Conservatives outright reject the idea that big-government gun-control schemes would reduce mass shootings like the recent murders committed at a Planned Parenthood clinic in Colorado Springs. So why do so many conservatives seem to believe a big-government mental-health-care scheme, like the bill sponsored by psychologist and congressman Tim Murphy (R-PA), would be any more effective?
Murphy’s bill would reorganize and expand the federal government’s involvement in mental-health care. It would create a new Assistant Secretary for Mental Health and Substance Use Disorders at the U.S. Department of Health and Human Services. It would create an Interagency Serious Mental Illness Coordinating Committee. It would encourage telepsychiatry–by subsidizing it. It would expand Medicare and Medicaid subsidies for mental-health goods and services. It would leverage federal grants to
coerce control how states treat mental-health patients suspected of being a threat to others. It would do other things.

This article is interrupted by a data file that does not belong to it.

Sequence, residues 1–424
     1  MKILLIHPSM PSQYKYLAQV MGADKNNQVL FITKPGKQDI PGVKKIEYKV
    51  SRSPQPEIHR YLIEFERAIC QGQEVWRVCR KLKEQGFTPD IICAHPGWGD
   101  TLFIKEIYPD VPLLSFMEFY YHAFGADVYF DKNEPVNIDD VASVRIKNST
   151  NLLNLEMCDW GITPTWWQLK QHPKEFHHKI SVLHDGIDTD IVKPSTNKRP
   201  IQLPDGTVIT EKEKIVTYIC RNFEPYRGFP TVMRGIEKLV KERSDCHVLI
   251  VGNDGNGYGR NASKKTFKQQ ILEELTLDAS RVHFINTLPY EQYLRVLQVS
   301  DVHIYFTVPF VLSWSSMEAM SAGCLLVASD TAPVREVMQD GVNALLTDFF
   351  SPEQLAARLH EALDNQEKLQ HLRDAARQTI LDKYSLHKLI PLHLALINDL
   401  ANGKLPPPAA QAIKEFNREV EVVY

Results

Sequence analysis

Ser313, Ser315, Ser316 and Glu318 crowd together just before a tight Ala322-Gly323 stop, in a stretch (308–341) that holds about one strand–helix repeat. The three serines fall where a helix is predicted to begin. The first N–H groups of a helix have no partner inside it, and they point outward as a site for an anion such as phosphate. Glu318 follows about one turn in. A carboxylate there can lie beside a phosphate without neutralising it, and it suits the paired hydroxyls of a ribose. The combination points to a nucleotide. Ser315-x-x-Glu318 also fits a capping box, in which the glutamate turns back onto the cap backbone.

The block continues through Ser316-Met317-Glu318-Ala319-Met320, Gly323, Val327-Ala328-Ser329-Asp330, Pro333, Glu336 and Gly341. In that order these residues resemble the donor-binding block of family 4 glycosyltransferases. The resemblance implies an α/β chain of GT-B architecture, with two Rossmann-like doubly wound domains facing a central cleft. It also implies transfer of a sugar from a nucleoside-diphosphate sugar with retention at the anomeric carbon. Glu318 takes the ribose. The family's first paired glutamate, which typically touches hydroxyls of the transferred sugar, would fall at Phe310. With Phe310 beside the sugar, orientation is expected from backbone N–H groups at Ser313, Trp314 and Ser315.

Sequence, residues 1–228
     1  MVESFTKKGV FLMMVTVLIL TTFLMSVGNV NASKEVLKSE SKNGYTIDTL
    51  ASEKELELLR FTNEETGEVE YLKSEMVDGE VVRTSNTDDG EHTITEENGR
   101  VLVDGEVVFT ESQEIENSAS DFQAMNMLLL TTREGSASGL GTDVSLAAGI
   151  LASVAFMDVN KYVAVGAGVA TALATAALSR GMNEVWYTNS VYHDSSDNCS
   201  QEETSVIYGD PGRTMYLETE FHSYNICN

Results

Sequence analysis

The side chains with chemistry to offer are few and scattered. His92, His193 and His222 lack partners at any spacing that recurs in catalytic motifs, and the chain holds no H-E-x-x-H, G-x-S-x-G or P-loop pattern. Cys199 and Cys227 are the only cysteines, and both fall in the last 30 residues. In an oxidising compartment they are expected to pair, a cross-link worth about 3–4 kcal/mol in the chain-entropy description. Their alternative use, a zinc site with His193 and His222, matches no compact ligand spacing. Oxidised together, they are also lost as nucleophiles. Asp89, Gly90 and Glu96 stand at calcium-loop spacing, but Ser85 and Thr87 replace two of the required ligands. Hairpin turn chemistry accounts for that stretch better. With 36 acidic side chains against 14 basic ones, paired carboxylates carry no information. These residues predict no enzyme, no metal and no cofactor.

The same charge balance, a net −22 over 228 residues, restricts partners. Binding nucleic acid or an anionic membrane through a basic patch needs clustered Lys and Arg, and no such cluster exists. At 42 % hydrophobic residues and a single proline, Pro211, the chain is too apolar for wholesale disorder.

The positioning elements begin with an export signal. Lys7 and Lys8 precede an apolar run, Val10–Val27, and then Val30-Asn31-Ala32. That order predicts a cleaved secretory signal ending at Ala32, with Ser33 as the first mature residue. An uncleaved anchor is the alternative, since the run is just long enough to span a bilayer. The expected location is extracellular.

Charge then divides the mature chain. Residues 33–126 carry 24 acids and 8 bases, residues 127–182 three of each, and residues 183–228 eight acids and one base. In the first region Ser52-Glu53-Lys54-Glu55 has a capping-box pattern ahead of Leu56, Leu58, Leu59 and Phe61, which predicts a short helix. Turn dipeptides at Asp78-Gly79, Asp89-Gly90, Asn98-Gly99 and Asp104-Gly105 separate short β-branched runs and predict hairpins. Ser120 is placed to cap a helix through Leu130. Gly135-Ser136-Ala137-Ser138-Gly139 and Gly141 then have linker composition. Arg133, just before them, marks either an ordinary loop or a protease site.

Conservatives have lauded the bill and demonized its opponents. In October, National Review editorialized basically that Murphy’s bill would manage mental-health treatment from Washington better than Washington has ever managed mental-health treatment before. Last week, The Wall Street Journal editorialized that opponents, including some Republicans, “object to involuntary commitment for the mentally ill, despite overwhelming evidence of the risks to society and the sick.” The Journal neglected either to recognize that involuntary commitment is a dangerous power for the government to wield, one with both benefits and costs, or to offer evidence that the benefits to society and the sick of broader involuntary commitment would exceed those costs.